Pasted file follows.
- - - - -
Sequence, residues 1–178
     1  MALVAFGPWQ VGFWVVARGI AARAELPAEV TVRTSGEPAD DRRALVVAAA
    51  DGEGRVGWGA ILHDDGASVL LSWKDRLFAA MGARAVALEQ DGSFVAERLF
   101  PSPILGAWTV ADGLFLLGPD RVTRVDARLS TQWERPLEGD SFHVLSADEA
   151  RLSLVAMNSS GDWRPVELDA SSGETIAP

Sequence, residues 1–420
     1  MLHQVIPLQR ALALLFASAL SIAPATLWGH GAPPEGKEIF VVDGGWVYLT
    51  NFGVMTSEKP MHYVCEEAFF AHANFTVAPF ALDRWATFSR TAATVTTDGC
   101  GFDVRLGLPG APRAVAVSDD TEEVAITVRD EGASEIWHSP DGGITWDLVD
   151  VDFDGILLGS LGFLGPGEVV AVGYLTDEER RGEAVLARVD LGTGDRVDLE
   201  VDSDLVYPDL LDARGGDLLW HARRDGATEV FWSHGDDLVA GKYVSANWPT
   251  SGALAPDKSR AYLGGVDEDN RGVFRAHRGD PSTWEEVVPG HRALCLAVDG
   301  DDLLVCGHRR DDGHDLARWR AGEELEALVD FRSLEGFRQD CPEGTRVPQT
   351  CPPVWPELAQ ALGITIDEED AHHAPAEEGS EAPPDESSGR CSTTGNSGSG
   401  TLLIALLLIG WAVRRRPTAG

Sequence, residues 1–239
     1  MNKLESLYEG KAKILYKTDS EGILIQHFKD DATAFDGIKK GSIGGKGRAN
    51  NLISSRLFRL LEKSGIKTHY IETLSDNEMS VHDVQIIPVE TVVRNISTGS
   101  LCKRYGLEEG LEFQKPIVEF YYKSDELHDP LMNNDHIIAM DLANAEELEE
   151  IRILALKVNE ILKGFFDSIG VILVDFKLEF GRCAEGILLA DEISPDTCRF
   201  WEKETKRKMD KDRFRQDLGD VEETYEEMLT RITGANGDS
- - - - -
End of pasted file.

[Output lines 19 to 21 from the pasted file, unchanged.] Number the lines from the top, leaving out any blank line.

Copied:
   101  LCKRYGLEEG LEFQKPIVEF YYKSDELHDP LMNNDHIIAM DLANAEELEE
   151  IRILALKVNE ILKGFFDSIG VILVDFKLEF GRCAEGILLA DEISPDTCRF
   201  WEKETKRKMD KDRFRQDLGD VEETYEEMLT RITGANGDS